1 of 4 not laying...ideas?

Discussion in 'Chicken Behaviors and Egglaying' started by Margy1, Jan 14, 2015.

  1. Margy1

    Margy1 Chillin' With My Peeps

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    We got four chickens back in August, three of them started laying about 3 or 4 weeks ago, and started squatting a week prior. The fourth girl is not yet squatting or laying. Any ideas why she wouldn't be laying?

    Also - we are feeding a mixture of layer feed and grower finisher just mixing it up and filling up their feeder, is it okay for the one not laying to eat layer feed?

    TYIA!![​IMG]
     
    Last edited: Jan 14, 2015
  2. song of joy

    song of joy Chillin' With My Peeps

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    How old are they? Are they all the same age? What breed(s) are the 3 who are laying? What breed is the one who isn't laying yet?
     
  3. justplainbatty

    justplainbatty Chillin' With My Peeps

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    I am guessing they are around 5- 6 months old then? They should all be on layer now. The grower doesn't have enough calcium for layers. They need oyster shell on the side. It's not that unusual for a hen to start laying later than another but the feed adjustment may help.[​IMG]
     
    Last edited: Jan 15, 2015
  4. Margy1

    Margy1 Chillin' With My Peeps

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    They are about 6 months, we got them the first week of August and they were a week old. They are all EE. The one that isn't laying is a lighter then the others. I don't know how much any of them weigh but if the others way 10 pounds she weighs 5 pounds. She acts healthy, feathers look good, shes got nice coloring on her comb, she eats, plays in the dirt etc. I don't know if her weight has anything to do with her not laying. We will start putting them on more layer feed though.
     
  5. justplainbatty

    justplainbatty Chillin' With My Peeps

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    [​IMG] That will do the trick. EE's are slow starters anyway so I wouldn't worry.
     
  6. song of joy

    song of joy Chillin' With My Peeps

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    You can see a lot of variability in the "start of lay" with EE. It depends on which breeds contribute to each hen. I have 2 EE pullets right now. One is a good size and began laying in mid-December at the age of 24 weeks. The other is much smaller and is now 29 weeks of age. She has not begun laying yet, but just yesterday she squatted for the first time, so hopefully she'll be laying by 30 weeks of age.

    Give it another couple of weeks and your other EE will probably start laying. The smaller body size (in and of itself) may or may not be a contributing factor; instead, it may be a result of the breeds making up the slow-to-lay EE.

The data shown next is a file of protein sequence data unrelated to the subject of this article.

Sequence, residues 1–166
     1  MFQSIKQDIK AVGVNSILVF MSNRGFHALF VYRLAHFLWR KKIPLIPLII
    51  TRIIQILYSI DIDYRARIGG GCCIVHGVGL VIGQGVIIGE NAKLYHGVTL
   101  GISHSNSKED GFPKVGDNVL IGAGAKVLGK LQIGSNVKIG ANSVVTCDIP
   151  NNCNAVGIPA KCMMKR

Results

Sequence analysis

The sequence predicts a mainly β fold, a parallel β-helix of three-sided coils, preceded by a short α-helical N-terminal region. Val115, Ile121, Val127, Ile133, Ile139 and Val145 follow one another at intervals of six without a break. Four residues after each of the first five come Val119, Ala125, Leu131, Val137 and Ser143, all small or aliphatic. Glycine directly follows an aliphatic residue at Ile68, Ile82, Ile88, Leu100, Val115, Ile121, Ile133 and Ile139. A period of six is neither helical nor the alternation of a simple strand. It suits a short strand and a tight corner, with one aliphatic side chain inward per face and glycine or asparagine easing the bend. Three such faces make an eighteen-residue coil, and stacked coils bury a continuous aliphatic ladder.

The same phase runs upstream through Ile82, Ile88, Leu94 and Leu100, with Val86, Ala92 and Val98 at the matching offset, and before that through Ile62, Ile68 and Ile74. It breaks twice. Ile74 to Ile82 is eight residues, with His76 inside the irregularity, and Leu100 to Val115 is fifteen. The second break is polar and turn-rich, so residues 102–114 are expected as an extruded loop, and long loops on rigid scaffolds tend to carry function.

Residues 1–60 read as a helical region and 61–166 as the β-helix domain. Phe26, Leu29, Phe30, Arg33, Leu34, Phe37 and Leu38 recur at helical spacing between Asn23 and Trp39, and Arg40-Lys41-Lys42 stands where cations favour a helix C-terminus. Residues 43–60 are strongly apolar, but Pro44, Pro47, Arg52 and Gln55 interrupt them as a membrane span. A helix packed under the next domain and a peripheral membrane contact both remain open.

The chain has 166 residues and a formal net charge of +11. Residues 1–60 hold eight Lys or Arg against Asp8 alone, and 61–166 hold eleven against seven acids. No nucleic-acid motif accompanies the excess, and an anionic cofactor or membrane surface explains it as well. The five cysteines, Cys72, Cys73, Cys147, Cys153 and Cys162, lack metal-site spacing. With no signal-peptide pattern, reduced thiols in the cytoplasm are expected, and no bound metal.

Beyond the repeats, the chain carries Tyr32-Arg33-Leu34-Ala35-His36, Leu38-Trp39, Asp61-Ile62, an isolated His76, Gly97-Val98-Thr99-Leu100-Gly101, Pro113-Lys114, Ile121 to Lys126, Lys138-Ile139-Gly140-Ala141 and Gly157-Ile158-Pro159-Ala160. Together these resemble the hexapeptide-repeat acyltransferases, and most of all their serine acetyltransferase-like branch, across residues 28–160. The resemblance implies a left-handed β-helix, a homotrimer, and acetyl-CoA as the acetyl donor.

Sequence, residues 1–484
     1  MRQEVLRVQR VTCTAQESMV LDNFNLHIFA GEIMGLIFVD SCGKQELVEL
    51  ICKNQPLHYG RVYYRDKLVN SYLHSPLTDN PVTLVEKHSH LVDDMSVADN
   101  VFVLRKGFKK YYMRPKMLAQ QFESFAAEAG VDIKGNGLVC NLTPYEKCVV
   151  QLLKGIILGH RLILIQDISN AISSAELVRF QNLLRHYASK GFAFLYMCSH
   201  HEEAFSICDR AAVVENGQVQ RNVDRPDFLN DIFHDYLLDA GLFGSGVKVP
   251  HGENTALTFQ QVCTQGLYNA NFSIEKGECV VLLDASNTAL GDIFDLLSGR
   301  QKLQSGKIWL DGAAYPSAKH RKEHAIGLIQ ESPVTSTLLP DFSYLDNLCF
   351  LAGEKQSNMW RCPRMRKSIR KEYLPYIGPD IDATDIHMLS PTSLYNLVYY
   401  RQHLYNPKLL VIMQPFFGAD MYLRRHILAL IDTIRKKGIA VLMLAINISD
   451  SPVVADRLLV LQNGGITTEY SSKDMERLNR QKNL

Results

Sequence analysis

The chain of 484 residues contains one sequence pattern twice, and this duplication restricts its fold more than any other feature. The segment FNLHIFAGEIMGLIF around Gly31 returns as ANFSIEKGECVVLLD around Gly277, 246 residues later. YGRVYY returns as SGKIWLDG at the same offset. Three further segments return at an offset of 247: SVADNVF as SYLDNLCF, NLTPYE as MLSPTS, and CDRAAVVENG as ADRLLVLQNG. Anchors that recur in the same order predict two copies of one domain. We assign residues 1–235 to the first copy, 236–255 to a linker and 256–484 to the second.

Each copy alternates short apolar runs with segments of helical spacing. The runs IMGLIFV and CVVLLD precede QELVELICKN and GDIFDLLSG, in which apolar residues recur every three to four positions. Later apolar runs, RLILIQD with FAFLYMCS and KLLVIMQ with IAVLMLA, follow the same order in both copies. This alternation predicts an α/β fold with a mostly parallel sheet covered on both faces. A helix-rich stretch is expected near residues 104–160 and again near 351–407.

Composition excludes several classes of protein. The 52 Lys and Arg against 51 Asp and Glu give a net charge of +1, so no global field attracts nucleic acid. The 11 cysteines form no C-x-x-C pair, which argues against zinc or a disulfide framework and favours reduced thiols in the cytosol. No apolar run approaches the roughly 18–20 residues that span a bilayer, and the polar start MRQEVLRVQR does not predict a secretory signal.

Also, it's fine to continue to mix feeds. I often mix a layer feed (16% protein) and all-flock feed (20% protein) in a ratio of 50:50 to achieve 18% protein, as I like to give my hens a bit more protein than the recommended minimum (16%). If you take this approach, be sure to offer calcium free-choice in a separate dish.
     
  7. Margy1

    Margy1 Chillin' With My Peeps

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    Thank you both! I'm glad to know it could just be her breed, we were worried about her being so much smaller and not laying. Hopefully she starts laying within the next few weeks! I can't wait to see what color eggs we get from her we get green from our other ones! The grower/finisher would be the calcium free option correct???
     
  8. aart

    aart Chicken Juggler! Premium Member

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    I like to feed an 'all flock' 20% protein crumble to all ages and genders, as non-layers(chicks, males and all molting birds) do not need the extra calcium that is in layer feed and chicks and molters can use the extra protein. Makes life much simpler to store and distribute one type of chow that everyone can eat.

    Calcium should be available at all times for the layers, oyster shell mixed with rinsed, dried, crushed chicken egg shells in a separate container.

    The higher protein crumble offsets the 8% protein scratch grains and other kitchen/garden scraps I like to offer.
     
  9. song of joy

    song of joy Chillin' With My Peeps

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    You're very welcome! It's really fun seeing what color eggs EE lay! My EE also lays a light green egg and I'm waiting to see what color the other EE will lay.

    A grower/finisher feed would typically have about 1% calcium - likewise for an all-flock feed. Layer feeds usually have around 4% calcium. It's fine to give them the grower/finisher, but since they're laying they would need supplemental calcium on the side (e.g., crushed oyster shell). A large bag of crushed oyster shell goes a long way - it should last several years.
     
  10. justplainbatty

    justplainbatty Chillin' With My Peeps

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    where are you finding the "all flock"? I've been looking for it, cant find it. What brand is it?
     

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